Development of conduct problems

Conduct problems (e.g., physical aggression, oppositional behaviors) in youth are one of the leading reasons that families receive psychological or school support services. Research in developmental psychopathology has shown that youth with conduct problems form a heterogeneous group. For example, youths with callous-unemotional traits (e.g., low levels of empathy and lack of guilt), have been identified as being at high risk for developing persistent and severe behavioral problems. Callous-unemotional traits were recently added as a specifier to Conduct Disorder in the 5th edition of the Diagnostic and Statistical Manual of Mental Disorders (DSM-5, American Psychiatric Association, 2013). Youth with conduct problems and callous-unemotional traits, in comparison to their non-callous peers, may be less receptive to more traditional intervention strategies, such as time-out procedures. A deeper understanding of the various subtypes of youth with conduct problems (with or without callous-unemotional traits, for instance) has the potential to lead to the development and implementation of preventive and therapeutic interventions that are better suited to the strengths and vulnerabilities of these youths.

To this end, research carried out by Nathalie Fontaine and her team focuses on the development of conduct problems in young people, risk and protective factors and other related mental health problems, such as depression and substance use problems. The YDASC’s work focuses on the development of conduct problems and callous-unemotional traits in youth, their genetic and environmental influences, as well as the neural responses associated with these symptoms. Findings suggest that children with conduct problems and callous-unemotional traits, when compared to their peers who do not have these characteristics, are more likely to show various adjustment problems over time, such as impulsivity and peer relationship difficulties. One of our studies, based on the analysis of a twin sample, also suggests strong genetic influences in callous-unemotional traits for boys with high and stable levels of these traits, whereas shared environmental factors instead appeared to influence high and stable levels of callous-unemotional traits in girls. Moreover, our findings suggest that, when exposed to emotional stimuli (e.g., distress in others), children with callous-unemotional traits have reduced neural responses (e.g., as measured by brain imaging techniques) compared to children without callous-unemotional traits.

In order to examine the development of behavioral problems over time, we rely on various datasets, including datasets from the Research Unit on Children’s Psychosocial Maladjustement (GRIP; In addition, our team also collects data from young children (3-4 years old) as well as from adolescents attending schools in Montreal or followed by the Centre jeunesse de Montréal – Institut universitaire. We are particularly interested in how youth perceive emotions in others (e.g., their ability to recognize emotions) in relation to their adjustment profile.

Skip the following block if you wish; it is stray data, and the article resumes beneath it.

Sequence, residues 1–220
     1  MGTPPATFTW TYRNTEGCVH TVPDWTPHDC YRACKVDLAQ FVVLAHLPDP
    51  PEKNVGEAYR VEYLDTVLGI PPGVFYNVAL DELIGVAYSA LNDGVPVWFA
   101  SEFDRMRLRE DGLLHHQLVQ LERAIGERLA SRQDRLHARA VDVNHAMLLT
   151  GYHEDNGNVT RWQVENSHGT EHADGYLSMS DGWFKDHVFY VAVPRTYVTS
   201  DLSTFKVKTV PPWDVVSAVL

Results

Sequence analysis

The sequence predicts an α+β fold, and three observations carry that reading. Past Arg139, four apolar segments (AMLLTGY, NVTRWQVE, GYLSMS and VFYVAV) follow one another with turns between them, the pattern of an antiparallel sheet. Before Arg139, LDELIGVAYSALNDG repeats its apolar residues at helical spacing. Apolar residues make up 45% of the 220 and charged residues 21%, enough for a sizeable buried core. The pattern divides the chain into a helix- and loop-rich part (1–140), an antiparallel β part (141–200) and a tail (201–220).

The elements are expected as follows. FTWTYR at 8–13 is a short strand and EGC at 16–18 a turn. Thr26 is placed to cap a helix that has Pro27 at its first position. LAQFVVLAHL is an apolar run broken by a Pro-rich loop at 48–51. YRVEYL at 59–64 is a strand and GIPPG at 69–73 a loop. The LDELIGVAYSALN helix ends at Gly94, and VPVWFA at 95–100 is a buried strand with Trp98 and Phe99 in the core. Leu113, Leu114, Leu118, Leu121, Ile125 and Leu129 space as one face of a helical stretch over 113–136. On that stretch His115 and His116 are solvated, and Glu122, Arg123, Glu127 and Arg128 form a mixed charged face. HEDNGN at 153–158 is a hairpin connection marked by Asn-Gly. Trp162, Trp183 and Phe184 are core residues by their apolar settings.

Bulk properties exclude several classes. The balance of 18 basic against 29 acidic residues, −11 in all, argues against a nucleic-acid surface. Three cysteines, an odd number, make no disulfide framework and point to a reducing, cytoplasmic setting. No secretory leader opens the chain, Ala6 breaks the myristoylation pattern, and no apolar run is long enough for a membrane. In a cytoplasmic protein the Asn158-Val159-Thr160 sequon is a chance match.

Sexual victimization

Isabelle V. Daignault’s research interests are aimed at developing a better understanding of children's and adolescents' needs when confronted to child sexual abuse or to other forms of victimization. As she also practises as a clinician, her research is clinical in nature and mainly conducted in collaboration with intervention settings such as: the Centre d’expertise Marie-Vincent and it’s research Chair “Chaire de recherche interuniversitaire Marie-Vincent sur les agressions sexuelles envers les enfants” (M. Hébert, M. Cyr), the Centre d’intervention en abus sexuel pour la famille (CIASF) et the Centre d’aide pour victimes d’actes criminels (CAVAC) de l’Outaouais. Her research program revolves around 3 axis.


Axis I : Violence, consequences and intervention. Research under this axis aims to contribute to the identification of factors influencing sexually abused children’s adaptation and recovery, as well as that of their parents. Such projects have led to various training activities and to publications pertaining, for example, to challenges in intervention with sexually abused preschoolers and to parents’ reaction and adaptation to the unveiling of their child’s sexual abuse. Graduate students from the CEDAJ for whom the project pertains to this axis are interested in youth and/or parents who are under Child protection services for various motives or who receive services from a Child Advocacy Centre, namely, Centre Centre d’Expertise Marie-Vincent.

Our graduate students for whom clinical research projects pertain to this axis are: Mathieu Boisvert, My An Frazer, Catherine Fortin et Patricia Paquette.


Axis II: The socio-judiciary service trajectory of victimized children and coordination documents the socio-judiciary service trajectory of children who are victims of sexual abuse and of other forms of violence to investigate the influence of coordination between actors involved in the trajectory and the repercussions of the application of judiciary procedures on the recovery of children. This axis subdivides into three main projects.